Soroban's robust data access tools, including support for oracles and indexers, will provide developers with the necessary resources to connect smart contracts with real-world data and ensure accurate execution.


User interfaces

Beyond DeFi protocols that enable the code of a smart contract to run, and the data access tools that connect the smart contract to the real world, end users and developers need tools to interact with and interpret what is happening on-chain. An end user may want to know their account balance or whether or not their last transaction went through. They may also wish to know how liquid the market is or how many other people are participating in an AMM’s liquidity pool. Likewise, end users need a user-friendly way to manage and interact with their assets. Essential user interfacing tools include:

  • Block explorers that allow users to inspect accounts, transactions, or a series of transactions in a human-readable format. These systems unpack the chain’s blocks into an entity-based data structure, allowing them to convert on-chain identifiers included in individual blocks into object links which allow users to traverse the chain’s data. They also allow contracts to provide verified links to the code being run so that the raw operations can be converted back into the uncompiled code they are invoking. These services also offer the ability to look at historical activity for important objects on the chain like contracts or accounts, allowing a user to see how they interact over time.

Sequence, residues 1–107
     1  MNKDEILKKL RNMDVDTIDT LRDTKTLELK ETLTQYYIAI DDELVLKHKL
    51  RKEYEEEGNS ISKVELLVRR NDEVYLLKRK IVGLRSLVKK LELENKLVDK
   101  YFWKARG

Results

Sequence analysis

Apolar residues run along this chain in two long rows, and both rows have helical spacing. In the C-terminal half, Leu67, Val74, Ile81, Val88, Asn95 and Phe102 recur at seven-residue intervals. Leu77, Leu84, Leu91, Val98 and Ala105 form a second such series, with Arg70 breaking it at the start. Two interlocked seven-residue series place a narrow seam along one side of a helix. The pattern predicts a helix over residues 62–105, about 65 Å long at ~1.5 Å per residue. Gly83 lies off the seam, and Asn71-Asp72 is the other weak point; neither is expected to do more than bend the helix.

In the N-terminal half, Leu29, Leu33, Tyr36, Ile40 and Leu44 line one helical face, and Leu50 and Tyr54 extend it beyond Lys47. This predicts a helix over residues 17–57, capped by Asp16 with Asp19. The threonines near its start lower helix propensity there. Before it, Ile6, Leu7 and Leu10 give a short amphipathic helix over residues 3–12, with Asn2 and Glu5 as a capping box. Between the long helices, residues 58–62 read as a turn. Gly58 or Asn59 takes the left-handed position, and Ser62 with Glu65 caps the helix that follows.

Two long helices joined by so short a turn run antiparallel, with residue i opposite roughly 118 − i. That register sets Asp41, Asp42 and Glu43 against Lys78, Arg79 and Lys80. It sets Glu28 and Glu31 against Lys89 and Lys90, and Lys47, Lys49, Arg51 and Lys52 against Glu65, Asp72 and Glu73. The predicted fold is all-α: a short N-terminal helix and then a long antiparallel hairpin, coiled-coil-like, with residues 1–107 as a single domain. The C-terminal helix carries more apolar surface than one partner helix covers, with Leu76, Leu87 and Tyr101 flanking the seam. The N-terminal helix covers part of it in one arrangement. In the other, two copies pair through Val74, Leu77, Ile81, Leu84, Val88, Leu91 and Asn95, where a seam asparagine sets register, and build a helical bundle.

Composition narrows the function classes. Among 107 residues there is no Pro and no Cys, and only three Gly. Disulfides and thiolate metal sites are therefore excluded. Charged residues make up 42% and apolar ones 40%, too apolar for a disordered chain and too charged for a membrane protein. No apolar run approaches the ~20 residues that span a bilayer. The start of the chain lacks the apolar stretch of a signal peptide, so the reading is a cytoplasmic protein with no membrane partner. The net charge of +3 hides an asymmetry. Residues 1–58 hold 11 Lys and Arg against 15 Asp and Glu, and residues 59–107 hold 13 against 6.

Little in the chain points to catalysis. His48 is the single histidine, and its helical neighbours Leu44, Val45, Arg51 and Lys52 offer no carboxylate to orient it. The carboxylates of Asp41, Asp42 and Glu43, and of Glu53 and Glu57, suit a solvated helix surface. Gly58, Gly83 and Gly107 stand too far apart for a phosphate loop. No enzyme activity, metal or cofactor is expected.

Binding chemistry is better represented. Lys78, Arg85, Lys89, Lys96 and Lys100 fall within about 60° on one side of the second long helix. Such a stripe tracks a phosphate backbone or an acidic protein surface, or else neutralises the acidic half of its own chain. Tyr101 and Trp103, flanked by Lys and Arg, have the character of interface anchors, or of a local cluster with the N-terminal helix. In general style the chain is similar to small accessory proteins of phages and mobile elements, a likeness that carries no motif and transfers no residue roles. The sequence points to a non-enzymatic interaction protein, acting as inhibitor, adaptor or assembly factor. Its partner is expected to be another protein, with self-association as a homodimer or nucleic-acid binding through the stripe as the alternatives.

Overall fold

• Wallets that provide advanced features and a user-friendly experience for smart contract consumers. A fundamental building block for dApps and visible to the end user, digital wallets allow users to view balances and history and make payments. They may also be controlled by a smart contract, allowing users to leverage automation and customize behaviors of the account without needing to always provide their input.